But I still had an impression of where Mary was, even if I couldn’t pinpoint the exact location. Given how much she cared about the puppeteer, how afraid she was of me, there had to be a comfort zone. A certain range she might wander, where she could potentially keep an eye out for me while still watching him.
My head slowly turned. End of the hallway. Either one of the classrooms on either side, the last classrooms at that end of the hall. Everything beyond that was offices. More likely to be locked tight, too close to him, not close enough to observe me.
The yard? I’d called it her territory. She could look in the windows just as well as I could look out, and it gave her a lot of range of movement.
I started to imagine a Mary at each of those points. A phantom image lurking in shadow, just out of sight.
The puppeteer was her weak point. When he was strong, he could give her strength, centering her. When he was weak or in danger, she cracked. The brick I’d thrown at him had been aimed at her, in an abstract way. That in mind, I was willing to bet that she was devoting more thought to how to protect him than how to catch me if I tried to break away and run.
Strings extended from him to the phantom Marys. An abstraction of the fundamental hold he had on her. They were strings that could snap, if given cause, but there was a resistance. Tension. Anything she did would always, always be prefaced by a concern for him. A momentary worry.
That was the tool I had to use.
I could make out a heavy, low sound further down the hallway. A large object being set down, a book being dropped.
What are you doing, Mary? I wondered.
The phantom images were suddenly busy. Enacting various scenes and scenarios. Mary, anxious, making a mistake. Mary intentionally making a sound to distract, then slipping closer toward me. Mary setting a trap, a deadfall or a heavy object that held down a tripwire, impossible to see in the dark.
It was very possible that she didn’t just have weapons. Poison, wire, any number of things could be stowed away in and around her uniform. I liked traps, but they were hardly exclusive to me alone.
It was an approach that let her actively protect the puppeteer while keeping the right position respective to me and the man.
If that was what she was doing.
I was visualizing her at the end of the hallway, or in one of the adjacent classrooms. I wasn’t thinking about the yard.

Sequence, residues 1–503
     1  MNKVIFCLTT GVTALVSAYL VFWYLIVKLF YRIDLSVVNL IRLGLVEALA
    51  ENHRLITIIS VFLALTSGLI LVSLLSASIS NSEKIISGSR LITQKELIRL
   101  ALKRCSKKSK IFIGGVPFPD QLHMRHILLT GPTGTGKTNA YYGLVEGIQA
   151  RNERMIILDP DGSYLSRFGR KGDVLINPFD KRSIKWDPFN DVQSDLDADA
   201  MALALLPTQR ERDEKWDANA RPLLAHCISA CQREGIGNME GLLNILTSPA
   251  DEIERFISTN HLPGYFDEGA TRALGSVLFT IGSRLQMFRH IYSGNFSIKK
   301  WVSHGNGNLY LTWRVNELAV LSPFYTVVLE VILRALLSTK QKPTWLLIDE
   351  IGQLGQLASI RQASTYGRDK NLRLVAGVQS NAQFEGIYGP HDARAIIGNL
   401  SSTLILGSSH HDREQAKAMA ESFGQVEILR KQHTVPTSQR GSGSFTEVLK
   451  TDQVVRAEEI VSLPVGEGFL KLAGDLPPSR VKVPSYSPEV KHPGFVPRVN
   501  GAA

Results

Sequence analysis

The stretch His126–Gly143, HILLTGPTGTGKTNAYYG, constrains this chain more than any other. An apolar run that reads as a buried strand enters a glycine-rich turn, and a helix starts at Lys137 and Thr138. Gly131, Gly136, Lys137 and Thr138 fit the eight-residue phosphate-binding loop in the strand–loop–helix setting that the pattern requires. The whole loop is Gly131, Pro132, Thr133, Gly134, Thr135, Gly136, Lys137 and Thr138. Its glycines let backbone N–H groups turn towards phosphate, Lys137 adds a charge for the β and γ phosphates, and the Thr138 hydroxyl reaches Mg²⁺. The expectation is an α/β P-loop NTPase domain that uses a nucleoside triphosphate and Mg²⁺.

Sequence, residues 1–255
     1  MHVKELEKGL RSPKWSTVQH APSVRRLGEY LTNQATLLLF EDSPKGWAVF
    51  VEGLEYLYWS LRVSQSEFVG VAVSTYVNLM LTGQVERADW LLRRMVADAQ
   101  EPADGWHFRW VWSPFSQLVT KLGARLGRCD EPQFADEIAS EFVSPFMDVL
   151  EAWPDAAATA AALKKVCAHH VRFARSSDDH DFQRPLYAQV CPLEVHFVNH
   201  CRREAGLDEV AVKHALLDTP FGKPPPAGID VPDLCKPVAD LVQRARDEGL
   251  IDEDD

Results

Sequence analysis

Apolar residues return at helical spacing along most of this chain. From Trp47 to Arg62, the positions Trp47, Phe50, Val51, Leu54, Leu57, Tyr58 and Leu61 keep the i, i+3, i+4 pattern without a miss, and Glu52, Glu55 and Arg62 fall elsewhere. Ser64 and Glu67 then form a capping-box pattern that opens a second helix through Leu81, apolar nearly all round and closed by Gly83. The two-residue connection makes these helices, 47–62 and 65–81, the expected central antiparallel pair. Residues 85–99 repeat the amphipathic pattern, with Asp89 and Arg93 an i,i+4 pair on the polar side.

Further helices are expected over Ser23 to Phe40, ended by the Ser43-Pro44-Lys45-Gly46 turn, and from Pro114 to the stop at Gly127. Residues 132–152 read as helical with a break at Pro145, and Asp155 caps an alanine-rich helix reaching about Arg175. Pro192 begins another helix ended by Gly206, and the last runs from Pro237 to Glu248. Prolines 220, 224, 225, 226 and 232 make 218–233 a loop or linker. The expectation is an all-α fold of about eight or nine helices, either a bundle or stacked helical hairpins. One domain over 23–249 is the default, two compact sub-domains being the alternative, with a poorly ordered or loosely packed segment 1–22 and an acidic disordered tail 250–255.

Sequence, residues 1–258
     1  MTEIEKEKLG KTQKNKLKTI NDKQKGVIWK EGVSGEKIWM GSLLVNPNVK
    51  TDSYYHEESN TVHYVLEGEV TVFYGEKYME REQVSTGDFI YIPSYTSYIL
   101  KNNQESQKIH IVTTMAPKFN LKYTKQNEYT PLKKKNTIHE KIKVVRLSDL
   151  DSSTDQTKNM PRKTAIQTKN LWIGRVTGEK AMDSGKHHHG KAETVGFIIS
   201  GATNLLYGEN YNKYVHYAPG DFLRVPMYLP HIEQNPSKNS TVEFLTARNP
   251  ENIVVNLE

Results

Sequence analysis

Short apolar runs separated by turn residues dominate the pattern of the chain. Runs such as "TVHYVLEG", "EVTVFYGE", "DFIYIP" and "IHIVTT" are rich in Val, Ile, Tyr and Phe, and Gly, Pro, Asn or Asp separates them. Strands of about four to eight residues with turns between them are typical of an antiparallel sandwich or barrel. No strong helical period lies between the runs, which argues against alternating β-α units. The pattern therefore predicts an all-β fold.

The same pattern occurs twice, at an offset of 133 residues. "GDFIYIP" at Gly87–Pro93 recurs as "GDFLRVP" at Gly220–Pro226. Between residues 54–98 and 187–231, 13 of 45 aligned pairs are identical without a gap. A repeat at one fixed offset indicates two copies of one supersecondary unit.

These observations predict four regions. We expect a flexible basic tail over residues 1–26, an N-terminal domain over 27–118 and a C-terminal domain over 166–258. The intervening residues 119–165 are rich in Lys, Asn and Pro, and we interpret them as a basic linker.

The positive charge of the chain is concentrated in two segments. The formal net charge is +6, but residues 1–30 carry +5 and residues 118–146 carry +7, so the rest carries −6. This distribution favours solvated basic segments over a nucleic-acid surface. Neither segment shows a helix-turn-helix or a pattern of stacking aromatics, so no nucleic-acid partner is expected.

I raised myself up, head snapping over to look into the window of the classroom beside me, past desks and chairs to the window that looked out into the yard.
Between the rain and the branches, there was no way to tell if she was there, moving around to circle behind me, or if it was just weather and gloom playing tricks with my eyes.
Think twice, Sy, I told myself, going back to thinking about Mary being at any one of the positions in a quarter-circle around me. Right classroom, hall, left classroom, yard.
This is why Gordon gets on my case, I thought. Spend too much time thinking, miss my chances.
She was watching, apparently secure in the idea that she’d spot me or confirm my location if I made a break for it. I needed to disrupt that security.
Need to make a noise someplace I’m not.
I looked, peering into the windows, searching the classrooms around me.
Books could be slid across the floor. A small object could be thrown to break something, but both were crude, obvious. I wasn’t strong enough to throw or slide either all that far, the sliding book would make too much noise and the broken glass would be too cliche.
My eye settled on a shape at the back of one room, barely visible as a silhouette against the vague light that made it in from outside, even against the paler background of the wall.
I darted across the hall, low enough to the ground that I had to put my hand down to touch the floor for balance and to keep my nose from smashing into the tile.
My heartbeat picked up as I made it into the classroom, moving amid desks and chairs. There were windows, yes, but the only exit that didn’t threaten to cut me to shreds on the way through was the door I’d just passed through. If Mary appeared in the doorway, I might well be done for. Even if I did make it through a window, I wasn’t sure she couldn’t catch up to me.
The only defense was to do it fast and do it quiet.
I headed to the corner of the room furthest from the door.
Teacher’s desk. Nothing of importance.